It’s no secret that I’m not a fan of social media. Before Musk took over Twitter it was already well on its way to becoming a haven for trolls, misinformation and hate speech, and it seemed like Twitter management at the time was only concerned about these problems when advertisers threatened to pull out of the platform. Enter Musk in 2022 who promised upon taking the company private to loosen content restrictions as well as crack down on the spam and follower bots. While there does not seem to be any noticeable change in the number of bots on Twitter, he certainly seems to have succeeded in removing whatever vestigial content moderation that had existed prior to his takeover. According to a paper published by the University of Southern California “Auditing Elon Musk’s Impact on Hate Speech and Bots,” the amount of hate speech has nearly doubled on Twitter since his purchase of the stagnating social media platform in October of 2022. For any other reasonable human being, this would not be considered a win, but Musk seems to be intent on riding this particular handbasket all the way to hell, including claiming the exact opposite, without providing any sort of backing evidence. In case it’s not immediately clear what my position on Twitter might be, any platform that blindly labels an imposter account as a certified representative of one of the largest entertainment companies in the world should not be entrusted with the level of influence Twitter still wields.
Image by Htc Erl from Pixabay
I initially distrusted this bit of recent news because of how it was disseminated. Twitter still has considerable reach for widespread messaging, but it has lost any trustworthiness as far as I am concerned since being taken over by a billionaire with questionable judgement hellbent on running the platform into the ground. Doing as one should do with something this ominous tweeted by the Denver office of the Federal Bureau of Investigation, I performed my due diligence to confirm a tweet posted a few days ago the aforementioned office’s Twitter account warning people away from using public chargers to power their mobile devices, as “juice jacking” is apparently still a thing. This was confirmed by the FBI’s official online safety webpage: https://www.fbi.gov/how-we-can-help-you/safety-resources/scams-and-safety/on-the-internet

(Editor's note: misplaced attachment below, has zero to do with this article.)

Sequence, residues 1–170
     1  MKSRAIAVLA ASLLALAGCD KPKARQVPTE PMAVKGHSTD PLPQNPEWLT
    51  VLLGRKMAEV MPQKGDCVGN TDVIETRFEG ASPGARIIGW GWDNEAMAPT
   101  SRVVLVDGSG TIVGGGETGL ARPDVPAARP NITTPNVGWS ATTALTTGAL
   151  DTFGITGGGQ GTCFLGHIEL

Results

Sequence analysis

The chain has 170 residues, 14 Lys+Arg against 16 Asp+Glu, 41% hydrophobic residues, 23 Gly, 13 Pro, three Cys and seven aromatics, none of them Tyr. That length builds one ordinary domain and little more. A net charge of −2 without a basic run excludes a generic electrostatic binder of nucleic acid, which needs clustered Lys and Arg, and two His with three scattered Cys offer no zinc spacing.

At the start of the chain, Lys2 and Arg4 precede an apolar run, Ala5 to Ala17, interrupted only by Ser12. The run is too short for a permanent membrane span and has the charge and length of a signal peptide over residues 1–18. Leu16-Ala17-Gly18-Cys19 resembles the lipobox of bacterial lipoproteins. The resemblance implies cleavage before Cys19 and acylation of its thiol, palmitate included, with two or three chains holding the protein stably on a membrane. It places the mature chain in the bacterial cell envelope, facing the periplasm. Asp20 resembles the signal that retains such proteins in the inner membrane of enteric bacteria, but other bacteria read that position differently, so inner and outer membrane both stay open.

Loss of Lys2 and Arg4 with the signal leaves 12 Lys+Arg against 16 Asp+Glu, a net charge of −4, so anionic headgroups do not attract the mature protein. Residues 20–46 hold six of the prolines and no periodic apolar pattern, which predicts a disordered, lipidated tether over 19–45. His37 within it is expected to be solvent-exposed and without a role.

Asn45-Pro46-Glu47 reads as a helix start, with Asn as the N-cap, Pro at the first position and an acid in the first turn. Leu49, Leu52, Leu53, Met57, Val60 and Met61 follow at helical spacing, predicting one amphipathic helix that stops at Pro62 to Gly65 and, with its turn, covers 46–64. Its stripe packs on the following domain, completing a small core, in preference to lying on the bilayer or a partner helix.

What this means for you
I say “still a thing” as the Los Angeles District Attorney’s office got enough attention focused on this in 2019 by the mainstream media for it to actually make headlines for a few days until Covid showed up to hog the limelight. Despite this juice jacking’s inexplicable resurgence in the news in 2023, there doesn’t appear to be any documented cases of this exploit actually being used “in the wild.” Public charging stations have been steadily appearing at various other public venues like malls, shopping centers, hotels and tourist attractions since at least 2011, which is when the idea of juice jacking was first presented to the public at a Defcon exhibit entitled (insultingly and pointedly) “Wall of Sheep”. The objective of this display was to demonstrate the ease of which a mobile device (like your smartphone) could be compromised when physically connecting it to something which the user had no way of knowing was safe or even provided in their best interest. Ironically, even though seems to be more FUD marketing and yet another example of why we can’t have nice things, this is still actually solid security advice. You should always think twice before connecting your device, wireless or wired, to something that you don’t control, own, or at least have some reason to trust (ie. WIFI provided by your work, a friend’s battery pack, etc.), and this definitely includes charger cables which, in case you forgot in this day and age of wireless everything, can also be a data connection cable. Be safe, bring a battery pack with you or turn on battery saving mode until you get to somewhere you can trust.